NIP Class Papers, Assignment 2
Deadline 6. April 2018, 4pm
Pick one of the papers from the list below. Do not pick the paper we discussed in class (Kirpatrick et al.).
- Describe the central problem the paper is attempting to address.
- How does it build on previous work and evidence?
- Briefly describe the methods used, focussing on aspects central to the results.
- Summarise the key finding(s) and advances presented in the paper.
- Discuss the biological plausibility if you have chosen a paper about artificial systems, or the insights that could benefit artificial systems if you have chosen a biological paper.
Each question has equal weight in the final mark. There is no word limit or minimum length length we expect, but please ensure you provide sufficient information to address each question and demonstrate understanding. As a rough guide, if your answer
to a question has less than 150 words, check if your answer is sufficiently informative.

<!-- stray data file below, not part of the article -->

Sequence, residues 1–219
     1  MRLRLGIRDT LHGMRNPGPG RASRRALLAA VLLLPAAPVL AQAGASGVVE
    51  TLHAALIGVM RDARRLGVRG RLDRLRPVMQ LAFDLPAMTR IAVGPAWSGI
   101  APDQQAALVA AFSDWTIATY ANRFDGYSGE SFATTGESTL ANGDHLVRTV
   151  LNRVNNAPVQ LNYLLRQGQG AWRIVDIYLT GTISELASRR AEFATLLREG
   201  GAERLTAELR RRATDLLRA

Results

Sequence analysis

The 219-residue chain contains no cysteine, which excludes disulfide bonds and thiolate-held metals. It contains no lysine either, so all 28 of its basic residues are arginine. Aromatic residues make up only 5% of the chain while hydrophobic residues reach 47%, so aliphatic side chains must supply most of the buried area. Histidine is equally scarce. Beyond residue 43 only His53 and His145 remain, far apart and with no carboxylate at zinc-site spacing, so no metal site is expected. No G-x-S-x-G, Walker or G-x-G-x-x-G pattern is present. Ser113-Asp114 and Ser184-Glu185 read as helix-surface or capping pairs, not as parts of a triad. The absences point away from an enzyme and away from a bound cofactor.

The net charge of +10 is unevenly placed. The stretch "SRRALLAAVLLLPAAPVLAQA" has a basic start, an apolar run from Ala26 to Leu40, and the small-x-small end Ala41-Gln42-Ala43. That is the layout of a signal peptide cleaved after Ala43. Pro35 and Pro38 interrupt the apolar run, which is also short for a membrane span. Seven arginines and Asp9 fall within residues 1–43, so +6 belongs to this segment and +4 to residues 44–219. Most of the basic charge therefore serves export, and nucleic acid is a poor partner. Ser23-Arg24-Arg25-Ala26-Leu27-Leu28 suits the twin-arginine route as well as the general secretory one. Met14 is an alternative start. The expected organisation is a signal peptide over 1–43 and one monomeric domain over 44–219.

Use the DICE submit command, in case this fails, you can hand in a hardcopy at the ITO. Command: submit nip cw2 file.pdf
Yamins et al, Performance-optimized hierarchical models predict neural responses in higher visual cortex
Neural inspired parallel hardware. Furber et al. (2014)
Spike based visual computation. Perez-Carrasco et al (2013)
Linking ML networks to neural data from monkey area IT. Yamins et al.(2014)
Sampling with neurons. Buesing et al.(2011)
Autoencoders. Hinton et al (2006)
Large scale unsupervised learning
Le et al (2012)
Spontaneous cortical activity reveals hallmarks of an optimal internal
model of the environment. Berkes et al. (2011)
Visual stimuli recruit intrinsically generated cortical ensembles. Miller et al. (2014)
Learning with hierarchical-deep models. Salakhutdinov et al. (2013)
Spiking Boltzmann machines. Hinton and Brown (2000)
Deep Learning Models of the Retinal Response to Natural Scenes. McIntosh et al. (2016).
This paper will be discussed in class, do not write aboit it: Overcoming catastrophic forgetting in neural networks. Kirkpatrick et al. (2017)
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